Admiral Blake’s men Royal Navy antique print


Antique print by Christian Symons. Chromolithograph circa 1890 (size approx. 18cm x 25cm) of one of Admiral Blake’s 18th Century sailors. Published by J.S.Virtue & Co Ltd in Her Majesty’s Navy. Note: Price shown is ex VAT.

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Admiral Blake’s men (18th Century) Royal Navy antique print.  Chromolithograph circa 1890 (18cm x 25cm) of  “One of Admiral Blake’s Men.” Published by J.S.Virtue & Co Ltd from Her Majesty’s Navy. “The recent augmentation of the Naval forces of the country has increased the interest felt in our ships and sailors, and the present appears a suitable time to bring before the public a detailed and comprehensive work on the history of the Navy, illustrated by coloured plates, depicting the materiel no less than the personnel of the British fleet”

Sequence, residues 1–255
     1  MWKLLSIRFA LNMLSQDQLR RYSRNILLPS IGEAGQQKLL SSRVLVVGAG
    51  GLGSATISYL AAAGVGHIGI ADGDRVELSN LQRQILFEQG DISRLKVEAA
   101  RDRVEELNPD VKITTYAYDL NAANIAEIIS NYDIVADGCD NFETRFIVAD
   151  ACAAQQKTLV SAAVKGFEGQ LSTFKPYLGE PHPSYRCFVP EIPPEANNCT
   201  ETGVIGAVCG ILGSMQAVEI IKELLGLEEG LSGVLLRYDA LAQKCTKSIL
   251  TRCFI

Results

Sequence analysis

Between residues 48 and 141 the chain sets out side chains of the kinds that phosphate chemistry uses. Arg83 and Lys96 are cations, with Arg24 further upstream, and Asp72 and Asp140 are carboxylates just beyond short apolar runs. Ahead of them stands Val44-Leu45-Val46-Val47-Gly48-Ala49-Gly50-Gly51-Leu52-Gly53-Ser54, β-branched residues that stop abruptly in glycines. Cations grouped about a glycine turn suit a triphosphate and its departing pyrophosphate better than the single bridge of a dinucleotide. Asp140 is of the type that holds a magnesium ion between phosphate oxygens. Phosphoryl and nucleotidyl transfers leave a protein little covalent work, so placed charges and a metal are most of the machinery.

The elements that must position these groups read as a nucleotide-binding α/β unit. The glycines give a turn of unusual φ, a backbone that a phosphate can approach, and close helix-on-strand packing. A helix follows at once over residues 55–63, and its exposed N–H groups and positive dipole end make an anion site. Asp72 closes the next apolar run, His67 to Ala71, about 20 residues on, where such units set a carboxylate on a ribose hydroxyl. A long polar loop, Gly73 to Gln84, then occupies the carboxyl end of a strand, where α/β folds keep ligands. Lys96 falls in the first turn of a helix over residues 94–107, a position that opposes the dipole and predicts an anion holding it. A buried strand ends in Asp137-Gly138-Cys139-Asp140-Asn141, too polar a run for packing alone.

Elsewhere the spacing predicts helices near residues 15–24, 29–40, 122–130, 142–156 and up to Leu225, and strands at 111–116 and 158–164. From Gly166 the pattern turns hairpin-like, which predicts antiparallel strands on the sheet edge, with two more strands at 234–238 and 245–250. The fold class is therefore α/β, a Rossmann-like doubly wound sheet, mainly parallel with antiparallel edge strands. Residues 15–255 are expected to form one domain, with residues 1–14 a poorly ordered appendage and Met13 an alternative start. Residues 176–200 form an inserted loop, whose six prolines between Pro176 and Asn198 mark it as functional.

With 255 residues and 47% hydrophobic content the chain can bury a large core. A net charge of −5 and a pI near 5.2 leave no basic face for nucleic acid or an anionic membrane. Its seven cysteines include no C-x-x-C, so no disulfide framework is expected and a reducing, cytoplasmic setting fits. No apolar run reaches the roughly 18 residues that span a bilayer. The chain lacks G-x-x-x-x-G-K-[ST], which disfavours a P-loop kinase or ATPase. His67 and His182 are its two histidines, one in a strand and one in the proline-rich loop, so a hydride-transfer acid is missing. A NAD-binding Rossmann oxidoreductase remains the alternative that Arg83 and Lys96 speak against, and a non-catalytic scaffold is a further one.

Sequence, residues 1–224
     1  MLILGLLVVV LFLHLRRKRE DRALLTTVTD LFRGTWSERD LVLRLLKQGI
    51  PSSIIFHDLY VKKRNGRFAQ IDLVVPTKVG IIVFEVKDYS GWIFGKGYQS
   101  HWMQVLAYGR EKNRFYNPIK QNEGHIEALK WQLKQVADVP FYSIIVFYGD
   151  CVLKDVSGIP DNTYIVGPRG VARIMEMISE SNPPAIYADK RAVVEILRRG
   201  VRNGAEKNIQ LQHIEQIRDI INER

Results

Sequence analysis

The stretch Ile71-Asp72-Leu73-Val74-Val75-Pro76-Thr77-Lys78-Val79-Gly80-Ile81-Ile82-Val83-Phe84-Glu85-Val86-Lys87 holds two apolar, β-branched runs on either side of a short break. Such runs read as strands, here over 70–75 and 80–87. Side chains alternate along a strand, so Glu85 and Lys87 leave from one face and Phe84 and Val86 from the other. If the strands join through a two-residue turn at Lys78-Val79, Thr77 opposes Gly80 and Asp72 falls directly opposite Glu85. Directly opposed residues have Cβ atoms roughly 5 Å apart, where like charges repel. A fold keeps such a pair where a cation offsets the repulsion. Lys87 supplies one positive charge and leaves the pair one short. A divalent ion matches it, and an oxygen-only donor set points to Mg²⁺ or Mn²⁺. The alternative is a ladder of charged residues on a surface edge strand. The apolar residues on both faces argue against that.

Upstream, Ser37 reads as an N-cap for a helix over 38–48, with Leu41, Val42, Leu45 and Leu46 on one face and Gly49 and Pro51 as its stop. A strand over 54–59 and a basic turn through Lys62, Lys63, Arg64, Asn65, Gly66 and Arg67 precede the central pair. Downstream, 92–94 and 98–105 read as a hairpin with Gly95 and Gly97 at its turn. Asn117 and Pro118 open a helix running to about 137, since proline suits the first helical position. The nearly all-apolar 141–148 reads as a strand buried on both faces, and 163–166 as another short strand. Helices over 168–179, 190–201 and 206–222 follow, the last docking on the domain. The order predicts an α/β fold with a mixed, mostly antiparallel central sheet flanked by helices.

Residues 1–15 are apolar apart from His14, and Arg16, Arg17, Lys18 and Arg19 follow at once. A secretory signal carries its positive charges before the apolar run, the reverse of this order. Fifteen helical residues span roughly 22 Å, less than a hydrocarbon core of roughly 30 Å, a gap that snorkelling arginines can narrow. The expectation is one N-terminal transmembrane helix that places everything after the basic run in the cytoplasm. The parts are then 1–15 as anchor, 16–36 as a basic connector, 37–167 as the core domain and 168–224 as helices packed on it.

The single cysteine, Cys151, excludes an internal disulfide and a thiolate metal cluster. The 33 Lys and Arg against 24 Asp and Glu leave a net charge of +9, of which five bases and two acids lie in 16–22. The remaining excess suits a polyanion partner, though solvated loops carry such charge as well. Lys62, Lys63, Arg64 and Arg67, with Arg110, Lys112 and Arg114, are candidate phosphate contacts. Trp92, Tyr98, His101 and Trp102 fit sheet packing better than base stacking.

Chromolithography is a unique method for making multi-colour prints. This type of colour printing stemmed from the process of lithography, and it includes all types of lithography that are printed in colour. When chromolithography is used to reproduce photographs, the term photochrome is frequently used. Lithographers sought to find a way to print on flat surfaces with the use of chemicals instead of relief or intaglio printing. Chromolithography became the most successful of several methods of colour printing developed by the 19th century; other methods were developed by printers such as Jacob Christoph Le Blon, George Baxter and Edmund Evans, and mostly relied on using several woodblocks with the colours. Hand-colouring also remained important; elements of the official British Ordnance Survey maps were coloured by hand by boys until 1875. The initial technique involved the use of multiple lithographic stones, one for each colour, and was still extremely expensive when done for the best quality results. Depending on the number of colours present, a chromolithograph could take months to produce, by very skilled workers. However much cheaper prints could be produced by simplifying both the number of colours used, and the refinement of the detail in the image. Cheaper images, like advertisements, relied heavily on an initial black print (not always a lithograph), on which colours were then overprinted. To make an expensive reproduction print as what was once referred to as a “’chromo’”, a lithographer, with a finished painting in front of him, gradually created and corrected the many stones using proofs to look as much as possible like the painting in front of him, sometimes using dozens of layers.

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